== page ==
Saturday, 25 November 2017

Into the caldera

Weather today was pretty wild and wintry   a day for staying down low! Took a walk along the track beside Loch Ba as far as Glen Clachaig - there is some great mountain scenery in the area and of course it is the location for the world famous Loch Ba Ring dyke. I wanted to have a look at the hills with a bit of snow on them as it often brings out detail that is hard to see otherwise. The pictures below give an idea. Click on the images to see them larger!


The Loch Ba Ring Dyke (LBRD) follows the wintry skyline. Seen from near Gruline

Moving on to the track by the loch, the weather started to clear but was still quite wild:


View up the loch!

Moving on this prominent hill is on the RHS:



The LBRD runs through this un-named hill down to the loch side. The exposed rock sene at the top is the felsite with basic inclusions that makes up most of the dyke. There are also some noticeable parallel gullies running across the hill. I havent been to investigate these, but they might be dykes of the Mull Swarm that cut the LBRD. As the LBRD is one of the last igneous features in Mull, then these other dykes that cut across must be represent some of the last igneous activity in the area. One of the dykes further up the hill has weathered out into a deep chasm

Looking across the loch:


The snow covered peak (not very clear) is called Na Bacannan and is the end of a ridge. The LBRD runs over this



This hill is called Sron nam Boc - the LBRD runs straight over this hill. Although the LBRD appears like a wall of rock on the SW side of the loch, on the other side, the BE side, it isnt so obvious. After this point on the track we are effectively inside the volcanic caldera. The LBRD itself has been described as "the most perfect example of a ring dyke known to science” (Bailey et al in the Mull Memoir, 1924)

The weather was starting to improve:


Two photos of Beinn na Duatharach. The dark crags are of gabbro. There doesnt appear to be any studies done on this gabbro as far as I can find. A search on Google Scholar only throws up an ancient paper by Prof Judd (1899) in which he refers to the hill and gives an alternative name "Beinn Uaig" His 1899 paper refers to another dating from 1874. I need to check the Mull Memoir of 1824 to see if there is anything. I dont think there is,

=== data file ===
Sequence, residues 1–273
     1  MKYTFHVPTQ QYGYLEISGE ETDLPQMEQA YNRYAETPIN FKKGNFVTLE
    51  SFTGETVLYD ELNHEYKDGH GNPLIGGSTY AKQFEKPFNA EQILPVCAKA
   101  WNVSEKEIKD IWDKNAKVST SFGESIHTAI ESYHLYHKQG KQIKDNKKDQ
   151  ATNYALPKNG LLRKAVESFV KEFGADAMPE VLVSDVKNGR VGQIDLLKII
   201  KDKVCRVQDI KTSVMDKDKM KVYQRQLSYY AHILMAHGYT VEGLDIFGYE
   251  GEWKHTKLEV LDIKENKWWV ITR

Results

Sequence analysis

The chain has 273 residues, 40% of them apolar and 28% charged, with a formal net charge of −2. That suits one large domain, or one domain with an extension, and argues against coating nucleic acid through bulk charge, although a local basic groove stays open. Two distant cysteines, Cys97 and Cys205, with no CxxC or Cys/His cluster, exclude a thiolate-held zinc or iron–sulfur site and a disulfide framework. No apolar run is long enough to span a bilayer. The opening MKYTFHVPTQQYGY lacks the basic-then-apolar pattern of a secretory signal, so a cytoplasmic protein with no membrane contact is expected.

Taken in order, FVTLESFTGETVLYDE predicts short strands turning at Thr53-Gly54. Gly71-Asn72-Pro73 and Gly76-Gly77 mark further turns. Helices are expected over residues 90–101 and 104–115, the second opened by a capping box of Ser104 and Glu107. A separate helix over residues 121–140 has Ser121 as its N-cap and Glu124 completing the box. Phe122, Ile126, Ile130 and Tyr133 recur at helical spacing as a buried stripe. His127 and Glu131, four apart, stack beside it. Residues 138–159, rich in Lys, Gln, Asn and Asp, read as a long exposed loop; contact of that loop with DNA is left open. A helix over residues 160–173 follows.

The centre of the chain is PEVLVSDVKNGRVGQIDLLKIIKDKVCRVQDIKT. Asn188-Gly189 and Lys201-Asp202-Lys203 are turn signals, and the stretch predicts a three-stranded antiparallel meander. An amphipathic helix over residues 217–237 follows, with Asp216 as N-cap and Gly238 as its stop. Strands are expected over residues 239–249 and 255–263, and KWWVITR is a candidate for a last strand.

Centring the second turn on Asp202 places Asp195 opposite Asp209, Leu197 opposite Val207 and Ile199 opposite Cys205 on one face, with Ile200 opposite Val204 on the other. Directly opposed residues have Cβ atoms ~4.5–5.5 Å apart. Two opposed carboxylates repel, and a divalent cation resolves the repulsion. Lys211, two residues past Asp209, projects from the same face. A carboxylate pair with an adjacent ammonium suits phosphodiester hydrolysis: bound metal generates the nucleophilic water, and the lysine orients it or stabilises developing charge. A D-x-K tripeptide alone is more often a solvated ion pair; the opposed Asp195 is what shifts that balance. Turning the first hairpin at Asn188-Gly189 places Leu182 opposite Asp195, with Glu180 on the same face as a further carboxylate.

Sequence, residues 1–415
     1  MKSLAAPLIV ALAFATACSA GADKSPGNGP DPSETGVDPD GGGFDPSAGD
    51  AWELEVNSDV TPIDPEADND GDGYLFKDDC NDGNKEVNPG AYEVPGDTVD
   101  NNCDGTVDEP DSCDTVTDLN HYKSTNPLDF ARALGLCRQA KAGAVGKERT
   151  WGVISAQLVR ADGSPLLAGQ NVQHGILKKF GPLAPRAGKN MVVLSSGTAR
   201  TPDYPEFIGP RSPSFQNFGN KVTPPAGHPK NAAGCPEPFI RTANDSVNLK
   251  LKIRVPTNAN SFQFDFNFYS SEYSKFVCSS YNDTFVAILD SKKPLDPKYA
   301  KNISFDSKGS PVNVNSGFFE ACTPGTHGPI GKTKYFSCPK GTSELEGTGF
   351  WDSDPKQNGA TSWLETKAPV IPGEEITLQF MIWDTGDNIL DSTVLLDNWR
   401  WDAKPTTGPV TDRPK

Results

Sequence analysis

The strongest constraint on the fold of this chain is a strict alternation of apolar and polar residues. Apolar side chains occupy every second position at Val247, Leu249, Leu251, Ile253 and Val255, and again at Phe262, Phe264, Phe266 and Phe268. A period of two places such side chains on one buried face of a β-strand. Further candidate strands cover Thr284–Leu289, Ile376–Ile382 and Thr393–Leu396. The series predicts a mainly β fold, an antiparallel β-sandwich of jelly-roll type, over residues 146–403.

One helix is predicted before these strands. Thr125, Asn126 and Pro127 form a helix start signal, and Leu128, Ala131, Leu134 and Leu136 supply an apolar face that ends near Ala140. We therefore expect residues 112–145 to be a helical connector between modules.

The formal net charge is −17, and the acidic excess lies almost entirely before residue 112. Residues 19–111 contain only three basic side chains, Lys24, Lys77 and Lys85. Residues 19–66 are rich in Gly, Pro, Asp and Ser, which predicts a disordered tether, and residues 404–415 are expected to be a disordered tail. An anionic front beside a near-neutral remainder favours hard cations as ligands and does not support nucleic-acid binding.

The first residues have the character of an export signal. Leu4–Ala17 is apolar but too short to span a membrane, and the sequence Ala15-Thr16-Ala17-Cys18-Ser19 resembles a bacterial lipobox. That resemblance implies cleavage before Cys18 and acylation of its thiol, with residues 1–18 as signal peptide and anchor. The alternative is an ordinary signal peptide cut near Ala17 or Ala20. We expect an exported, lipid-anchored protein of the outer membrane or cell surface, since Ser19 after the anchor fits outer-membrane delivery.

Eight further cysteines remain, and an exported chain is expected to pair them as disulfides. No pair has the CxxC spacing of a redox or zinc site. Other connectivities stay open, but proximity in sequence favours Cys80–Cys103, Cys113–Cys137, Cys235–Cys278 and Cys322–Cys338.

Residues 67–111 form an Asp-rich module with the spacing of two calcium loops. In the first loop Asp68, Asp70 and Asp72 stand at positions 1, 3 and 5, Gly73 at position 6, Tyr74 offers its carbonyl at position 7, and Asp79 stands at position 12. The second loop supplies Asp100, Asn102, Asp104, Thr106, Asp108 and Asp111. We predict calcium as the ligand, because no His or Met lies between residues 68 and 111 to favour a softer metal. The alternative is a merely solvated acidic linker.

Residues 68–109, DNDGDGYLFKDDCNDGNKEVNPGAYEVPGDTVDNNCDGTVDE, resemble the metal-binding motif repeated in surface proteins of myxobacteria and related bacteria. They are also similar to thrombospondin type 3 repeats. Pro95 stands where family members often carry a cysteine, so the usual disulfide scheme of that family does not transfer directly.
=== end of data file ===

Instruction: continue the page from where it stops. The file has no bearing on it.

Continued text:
Moving on:


The very snowy hill is Ben Talla at the head of Gen Forsa. The LBRD runs across the foot of this hill but is really hard to find. 

Most of the rock that surrounds Loch Ba is the Glen Cannel Granophyre - on the BGS map it is really obvious and covers a big area. Appears to be the largest body of granophyre in Mull (by area anyway). Despite this, it is really hard to find in situ near the loch - there are only a couple of places where it can be sen without going up the hill. Near the cottage of Clachaig, it is exposed in a stream near a bridge:


Granophyre (the cream coloured rock) in the stream bed cut by a small zig-zagging dyke

This was the furthest point out I went to - heading back in the weather improved but was still pretty wild.



Looking up at the ridge of Beinn a Ghraig - the LBRD is the prominent rocky ridge on the LHS. The snow pics out the contact at the base quite well.




A final look back up the loch.










3 comments:

scotfot said...

Links can also be made to :
BGS Memoir http://pubs.bgs.ac.uk/publications.html?pubID=B01897
The Edinburgh Geological Society Ardnamurchan field guide on Earthwise at http://earthwise.bgs.ac.uk/index.php/Ardnamurchan_%E2%80%93_a_guide_to_geological_excursions

Earthwise is an open platform and seeks contributors :-)

Bob

Mull Geology said...

Thanks Bob - I need to have a look at those links to the memoirs. Could be handy for future use!

scotfot said...

I think most of the Scottish BGS publications are on the viewer, if there are any omissions I can arrange!